eNotes: Liability – February 2023 – Washington, DC
February 01, 2023
SIGNIFICANT CASE SUMMARIES
Washington, DC Case Summary
Williams v. Rajesh & Sadhna, LLC
District of Columbia Court of Appeals
Nos. 21-CV-408 & 21-CV-418
Decided: December 22, 2022
Plaintiff must exhaust all administrative remedies before challenging a construction permit in D.C. Superior Court.
Plaintiff Desiree Williams resided in the top floor of a building in Northeast D.C. The property next-door was owned by Rajesh & Sadhna, LLC (“R&S”). In June 2019, R&S obtained a permit to convert its building into condominiums. As part of this construction, R&S would build a patio on the side of the building that faced Plaintiff’s unit. Williams alleged that the location of the patio would give individuals standing on the patio a vantage-point to peer into her bathroom through her skylight.
Ms. Williams filed a Complaint against R&S in D.C. Superior Court. The gravamen of her Complaint alleged that the “permanent design and construction of the patio is of such a nature that it creates an unreasonable use by overlooking into . . . Plaintiff’s unit.” She sought to either change the patio design, or to receive compensation to remodel her apartment to prevent a person standing on the patio from looking into her unit. Third-Party Complaints were filed to bring in New City Construction, LLC (Of note, Ben Peoples of TT&H served as counsel for New City Construction, LLC) and Studio 3877, PLLC. In Motions to dismiss, Studio 3877 raised a jurisdictional challenge to Plaintiff’s Complaint. Studio asserted that Plaintiff’s Complaint was not ripe. Plaintiff did not exhaust her administrative remedies to challenge the building permit before the Zoning Board of Adjustment. The Trial Court granted the Motion to dismiss Plaintiff’s Complaint for lack of jurisdiction. Plaintiff appealed.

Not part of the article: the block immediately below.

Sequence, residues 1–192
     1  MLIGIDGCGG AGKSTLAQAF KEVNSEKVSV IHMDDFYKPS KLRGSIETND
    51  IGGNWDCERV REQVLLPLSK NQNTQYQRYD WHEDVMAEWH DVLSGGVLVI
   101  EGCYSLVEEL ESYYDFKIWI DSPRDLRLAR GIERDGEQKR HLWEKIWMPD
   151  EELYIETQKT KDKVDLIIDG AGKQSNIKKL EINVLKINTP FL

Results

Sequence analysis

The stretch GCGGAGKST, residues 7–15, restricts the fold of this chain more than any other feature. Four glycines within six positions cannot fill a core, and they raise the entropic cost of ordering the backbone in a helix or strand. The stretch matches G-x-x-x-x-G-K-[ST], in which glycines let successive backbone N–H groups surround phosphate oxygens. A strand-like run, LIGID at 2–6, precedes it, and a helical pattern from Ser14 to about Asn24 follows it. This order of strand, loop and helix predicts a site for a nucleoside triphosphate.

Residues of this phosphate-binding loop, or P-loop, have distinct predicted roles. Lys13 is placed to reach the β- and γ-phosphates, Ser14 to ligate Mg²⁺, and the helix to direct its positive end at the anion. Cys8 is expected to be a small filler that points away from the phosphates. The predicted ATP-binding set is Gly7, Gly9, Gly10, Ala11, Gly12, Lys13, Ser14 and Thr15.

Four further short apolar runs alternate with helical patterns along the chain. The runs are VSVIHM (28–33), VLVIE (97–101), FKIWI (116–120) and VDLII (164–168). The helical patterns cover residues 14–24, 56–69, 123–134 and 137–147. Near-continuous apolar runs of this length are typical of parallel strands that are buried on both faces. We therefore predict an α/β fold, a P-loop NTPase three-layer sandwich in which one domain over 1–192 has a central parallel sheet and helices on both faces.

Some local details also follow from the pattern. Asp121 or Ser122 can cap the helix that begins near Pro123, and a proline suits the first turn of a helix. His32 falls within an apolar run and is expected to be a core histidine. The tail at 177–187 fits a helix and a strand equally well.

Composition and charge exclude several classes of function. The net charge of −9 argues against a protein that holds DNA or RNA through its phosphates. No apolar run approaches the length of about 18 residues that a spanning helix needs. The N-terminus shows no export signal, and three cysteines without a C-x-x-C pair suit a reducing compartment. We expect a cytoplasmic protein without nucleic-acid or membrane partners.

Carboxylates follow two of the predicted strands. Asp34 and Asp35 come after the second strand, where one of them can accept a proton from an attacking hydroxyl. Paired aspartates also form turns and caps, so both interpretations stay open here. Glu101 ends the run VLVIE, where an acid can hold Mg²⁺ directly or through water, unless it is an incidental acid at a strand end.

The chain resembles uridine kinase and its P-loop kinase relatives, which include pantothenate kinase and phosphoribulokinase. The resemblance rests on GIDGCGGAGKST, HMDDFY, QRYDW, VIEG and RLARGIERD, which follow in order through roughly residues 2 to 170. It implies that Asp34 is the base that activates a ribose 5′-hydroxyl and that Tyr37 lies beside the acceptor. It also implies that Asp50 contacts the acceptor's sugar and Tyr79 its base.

The Court of Appeals affirmed the Trial Court’s dismissal. Williams’ case was squarely controlled by the Court’s pervious decision in Ne. Neighbors for Responsible Growth, Inc. v. AppleTree Inst. for Educ. Innovation, Inc., 92 A.3d 1114 (D.C. 2014). There, the Court determined that parties seeking to challenge building permits must do so through the administrative process before heading to court. The Court of Appeals found that Williams’ case was no different. She was challenging the issuance of a building permit, nothing more. Williams could not fit her case into one of the exceptions to this jurisdictional speed bump. She made no allegations that the work was proceeding without a permit, and no allegations that the work desired by R&S had exceeded the scope of the permit. The Trial Court’s decision to dismiss was affirmed.
Questions about this case can be directed to Matt Ainsley at (202) 945-9506 or email@example.com.